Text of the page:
FAR-RIGHT parliamentarian Makis Voridis was recently appointed Greek health minister, despite strong opposition from the beleaguered Jewish community. Photo: REUTERS
The Greek Jewish community expressed “strong resentment” at the appointment of MP Makis Voridis as health minister last week, implying the move was indicative of the government’s failure to act against anti-Semitism. Greece was ranked the most anti-Semitic country outside of the Middle East and North Africa by a recent Anti-Defamation League (ADL) global survey.Voridis has a history of membership in ultra-nationalist parties. He was one of several members of the populist, nationalistic Popular Orthodox Rally faction who joined the ruling New Democracy party two years ago. Prime Minister Antonis Samaras was criticized for welcoming the nationalists and was accused of pandering to the far right in a bid to stem the loss of votes to the allegedly neo-Nazi Golden Dawn, which emerged as the third-largest party in Greece.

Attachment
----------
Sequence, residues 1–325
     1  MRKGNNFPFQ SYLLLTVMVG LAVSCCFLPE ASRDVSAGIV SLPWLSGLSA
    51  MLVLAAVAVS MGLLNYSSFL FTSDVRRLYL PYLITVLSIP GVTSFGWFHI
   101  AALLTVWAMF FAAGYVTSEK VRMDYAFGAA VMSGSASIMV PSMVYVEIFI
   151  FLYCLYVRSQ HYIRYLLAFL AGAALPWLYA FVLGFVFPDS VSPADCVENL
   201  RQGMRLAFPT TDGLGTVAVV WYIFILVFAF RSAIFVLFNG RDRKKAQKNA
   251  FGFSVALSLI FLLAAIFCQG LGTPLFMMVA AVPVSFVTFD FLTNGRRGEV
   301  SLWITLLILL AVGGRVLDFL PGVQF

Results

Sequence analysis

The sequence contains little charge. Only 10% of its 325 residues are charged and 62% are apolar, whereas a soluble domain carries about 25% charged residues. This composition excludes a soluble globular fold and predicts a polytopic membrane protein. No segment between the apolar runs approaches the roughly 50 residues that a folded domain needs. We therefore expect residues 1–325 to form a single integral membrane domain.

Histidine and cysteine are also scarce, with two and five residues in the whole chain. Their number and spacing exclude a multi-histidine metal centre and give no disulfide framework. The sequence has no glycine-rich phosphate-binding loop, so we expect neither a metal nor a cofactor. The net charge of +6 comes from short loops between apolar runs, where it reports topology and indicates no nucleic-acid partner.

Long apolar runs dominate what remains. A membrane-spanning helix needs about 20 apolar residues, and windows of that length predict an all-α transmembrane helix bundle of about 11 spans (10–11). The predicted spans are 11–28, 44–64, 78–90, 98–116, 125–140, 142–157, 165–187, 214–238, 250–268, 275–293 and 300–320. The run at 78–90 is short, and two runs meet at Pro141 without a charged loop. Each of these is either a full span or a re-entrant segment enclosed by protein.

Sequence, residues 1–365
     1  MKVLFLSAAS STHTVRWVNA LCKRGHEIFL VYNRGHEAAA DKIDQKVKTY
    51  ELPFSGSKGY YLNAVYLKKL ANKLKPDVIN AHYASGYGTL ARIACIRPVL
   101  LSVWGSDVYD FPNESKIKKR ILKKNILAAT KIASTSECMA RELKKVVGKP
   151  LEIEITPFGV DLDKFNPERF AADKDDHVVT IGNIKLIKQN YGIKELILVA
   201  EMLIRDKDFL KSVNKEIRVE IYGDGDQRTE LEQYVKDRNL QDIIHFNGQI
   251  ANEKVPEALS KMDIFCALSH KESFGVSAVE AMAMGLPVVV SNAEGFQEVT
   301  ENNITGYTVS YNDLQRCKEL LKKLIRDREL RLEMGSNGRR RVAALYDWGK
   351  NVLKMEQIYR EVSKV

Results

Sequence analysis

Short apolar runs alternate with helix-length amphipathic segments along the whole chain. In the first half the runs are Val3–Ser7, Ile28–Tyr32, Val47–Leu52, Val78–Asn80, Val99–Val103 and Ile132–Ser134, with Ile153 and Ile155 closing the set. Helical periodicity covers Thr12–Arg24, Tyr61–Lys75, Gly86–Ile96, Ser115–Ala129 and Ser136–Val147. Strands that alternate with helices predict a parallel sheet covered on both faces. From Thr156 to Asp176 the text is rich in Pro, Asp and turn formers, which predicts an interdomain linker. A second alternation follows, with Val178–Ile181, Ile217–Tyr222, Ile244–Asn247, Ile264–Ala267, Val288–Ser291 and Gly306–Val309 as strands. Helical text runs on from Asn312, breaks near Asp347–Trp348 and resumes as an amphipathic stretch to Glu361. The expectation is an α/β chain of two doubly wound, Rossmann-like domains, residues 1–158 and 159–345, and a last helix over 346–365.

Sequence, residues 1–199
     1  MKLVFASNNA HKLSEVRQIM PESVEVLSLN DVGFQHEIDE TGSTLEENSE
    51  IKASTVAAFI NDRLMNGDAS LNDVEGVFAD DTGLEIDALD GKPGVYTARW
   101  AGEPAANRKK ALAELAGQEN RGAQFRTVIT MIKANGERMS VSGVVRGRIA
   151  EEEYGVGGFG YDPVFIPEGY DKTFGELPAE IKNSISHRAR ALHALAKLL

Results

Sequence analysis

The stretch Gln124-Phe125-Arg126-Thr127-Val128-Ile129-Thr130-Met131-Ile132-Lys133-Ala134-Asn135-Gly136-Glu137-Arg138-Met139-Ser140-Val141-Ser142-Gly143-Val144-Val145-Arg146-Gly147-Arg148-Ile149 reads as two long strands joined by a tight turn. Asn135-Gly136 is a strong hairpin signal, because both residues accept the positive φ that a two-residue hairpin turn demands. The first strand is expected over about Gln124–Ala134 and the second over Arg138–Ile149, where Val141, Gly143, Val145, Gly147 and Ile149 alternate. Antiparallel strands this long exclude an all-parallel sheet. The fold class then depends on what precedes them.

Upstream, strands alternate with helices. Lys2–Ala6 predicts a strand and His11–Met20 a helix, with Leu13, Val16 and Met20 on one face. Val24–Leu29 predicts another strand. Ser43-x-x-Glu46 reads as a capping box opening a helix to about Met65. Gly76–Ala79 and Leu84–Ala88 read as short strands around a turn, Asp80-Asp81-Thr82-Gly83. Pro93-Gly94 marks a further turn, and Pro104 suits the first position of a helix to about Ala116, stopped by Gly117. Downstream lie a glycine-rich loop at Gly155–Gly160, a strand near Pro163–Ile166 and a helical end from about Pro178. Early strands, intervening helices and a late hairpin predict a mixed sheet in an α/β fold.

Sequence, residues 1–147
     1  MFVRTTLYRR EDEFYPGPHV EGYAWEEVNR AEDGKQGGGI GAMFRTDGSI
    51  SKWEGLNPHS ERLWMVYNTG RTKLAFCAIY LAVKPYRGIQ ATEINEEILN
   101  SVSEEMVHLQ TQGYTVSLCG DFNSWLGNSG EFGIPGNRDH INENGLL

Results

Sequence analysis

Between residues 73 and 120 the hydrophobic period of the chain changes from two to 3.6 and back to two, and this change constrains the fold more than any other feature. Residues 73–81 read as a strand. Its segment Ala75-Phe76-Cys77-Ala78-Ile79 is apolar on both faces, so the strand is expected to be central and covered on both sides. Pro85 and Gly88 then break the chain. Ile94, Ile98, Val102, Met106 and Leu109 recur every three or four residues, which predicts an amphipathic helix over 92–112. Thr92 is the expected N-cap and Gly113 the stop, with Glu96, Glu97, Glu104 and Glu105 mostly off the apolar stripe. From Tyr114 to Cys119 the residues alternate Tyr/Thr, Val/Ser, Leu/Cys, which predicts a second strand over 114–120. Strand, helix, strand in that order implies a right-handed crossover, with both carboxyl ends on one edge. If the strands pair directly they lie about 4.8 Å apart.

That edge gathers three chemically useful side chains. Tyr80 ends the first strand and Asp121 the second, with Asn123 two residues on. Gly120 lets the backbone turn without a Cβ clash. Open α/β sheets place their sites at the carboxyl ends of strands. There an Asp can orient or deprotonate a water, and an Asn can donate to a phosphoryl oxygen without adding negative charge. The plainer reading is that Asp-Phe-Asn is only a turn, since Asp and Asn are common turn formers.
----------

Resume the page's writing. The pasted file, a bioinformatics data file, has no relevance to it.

Samaras maintains that those who joined New Democracy have committed to abide by party policy, which condemns anti-Semitism and racism.
Voridis has since written to the Jewish community, expressing his opposition to Holocaust denial and his commitment to “putting an end to anti-Semitic, racist prejudice which is an outright violation of human dignity.”
In a statement on its website, the Central Board of Jewish Communities in Greece castigated Voridis as someone who had “expressed xenophobic and intolerant views in the past and – until a couple of years ago – had been an executive member of a party that had repeatedly endorsed racist and extreme anti-Semitic views.”